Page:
India, US to form coal methane information centreadmin
India and the US have decided to enhance their clean energy cooperation by establishing a clearing house to act as a central point of information on coal bed and coal mine methane projects in India.
The US Environmental Protection Agency (EPA), with other US federal partners, is providing assistance in the development of the information centre under the Methane to Markets Partnership launched by US President George W. Bush in Nov 2004.
‘This clearing house will provide valuable information to potential investors and project developers interested in coal bed and coal mine methane projects in India,’ William L. Wehrum, EPA acting assistant administrator for Air and Radiation and chair of the Methane to Markets Steering Committee, said Thursday.
‘This commitment represents yet another initiative between the US and India that will support clean development and energy security,’ he said.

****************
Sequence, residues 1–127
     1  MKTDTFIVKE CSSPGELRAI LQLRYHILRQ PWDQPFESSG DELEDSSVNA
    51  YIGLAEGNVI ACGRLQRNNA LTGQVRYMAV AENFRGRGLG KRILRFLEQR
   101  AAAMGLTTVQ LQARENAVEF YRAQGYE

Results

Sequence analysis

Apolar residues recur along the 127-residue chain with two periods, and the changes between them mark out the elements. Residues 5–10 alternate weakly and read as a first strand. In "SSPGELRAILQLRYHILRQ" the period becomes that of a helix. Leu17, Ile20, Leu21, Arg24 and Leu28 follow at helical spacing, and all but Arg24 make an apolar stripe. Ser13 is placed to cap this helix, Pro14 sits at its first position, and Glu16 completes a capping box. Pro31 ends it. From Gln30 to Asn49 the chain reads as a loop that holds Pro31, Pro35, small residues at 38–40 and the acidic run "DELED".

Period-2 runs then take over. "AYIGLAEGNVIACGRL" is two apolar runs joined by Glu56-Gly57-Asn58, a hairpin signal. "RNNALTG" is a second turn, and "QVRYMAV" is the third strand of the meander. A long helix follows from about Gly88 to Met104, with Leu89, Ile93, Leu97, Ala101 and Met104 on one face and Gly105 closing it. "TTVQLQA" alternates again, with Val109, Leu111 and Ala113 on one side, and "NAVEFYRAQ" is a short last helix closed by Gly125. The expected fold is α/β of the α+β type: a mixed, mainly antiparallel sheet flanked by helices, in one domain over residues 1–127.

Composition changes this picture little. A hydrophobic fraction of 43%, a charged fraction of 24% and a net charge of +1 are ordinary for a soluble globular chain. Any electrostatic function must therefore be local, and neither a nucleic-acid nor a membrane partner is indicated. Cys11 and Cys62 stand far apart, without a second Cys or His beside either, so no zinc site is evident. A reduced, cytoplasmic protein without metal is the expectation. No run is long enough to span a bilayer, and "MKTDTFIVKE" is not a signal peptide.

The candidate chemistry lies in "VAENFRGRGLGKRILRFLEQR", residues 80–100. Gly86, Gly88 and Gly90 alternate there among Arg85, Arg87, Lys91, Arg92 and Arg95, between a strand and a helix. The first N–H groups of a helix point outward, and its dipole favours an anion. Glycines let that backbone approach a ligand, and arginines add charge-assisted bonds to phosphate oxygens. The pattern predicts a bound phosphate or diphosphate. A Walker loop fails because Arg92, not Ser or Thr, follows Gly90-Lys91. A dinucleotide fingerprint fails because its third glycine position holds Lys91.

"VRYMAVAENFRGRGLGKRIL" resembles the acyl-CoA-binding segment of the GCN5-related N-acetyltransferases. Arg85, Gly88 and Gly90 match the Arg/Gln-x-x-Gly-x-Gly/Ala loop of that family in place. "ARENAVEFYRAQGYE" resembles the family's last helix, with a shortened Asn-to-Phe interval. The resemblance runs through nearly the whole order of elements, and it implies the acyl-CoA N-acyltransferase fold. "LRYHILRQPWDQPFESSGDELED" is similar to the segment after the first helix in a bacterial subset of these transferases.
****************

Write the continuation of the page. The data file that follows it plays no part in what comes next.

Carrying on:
The clearing house will be the initial point of contact for domestic and international investors and will effectively promote the development of coal bed and coal mine methane projects in India.
EPA has successfully established coal bed methane clearing houses in several other countries including China, Russia and Ukraine.
‘India and the US are working together to strengthen our collaboration and diversify our efforts to effectively use all of our energy resources,’ said R.S. Jassal, deputy chief of mission at the Indian embassy.
‘The clearing house will help us to reduce greenhouse gas emissions, increase our energy generating capacity, and to increase private investment, both foreign and domestic,’ he said.
Methane is a potent greenhouse gas that can be recovered and used as a clean energy source. Coal bed methane is methane contained in coal seams.
Coal mine methane refers to gas that is released from the coal seams during the process of coal mining. Methane in coal seams presents a critical danger for mine safety as it can cause explosions.
The Methane to Markets Partnership, launched by Bush in November 2004, is a public-private partnership to advance methane recovery and use projects in four sectors: agriculture, coal mines, landfills, and oil and natural gas systems.
More than 350 organisations from around the world have made commitments to this partnership. The US has committed up to $53 million to this initiative over the next five years.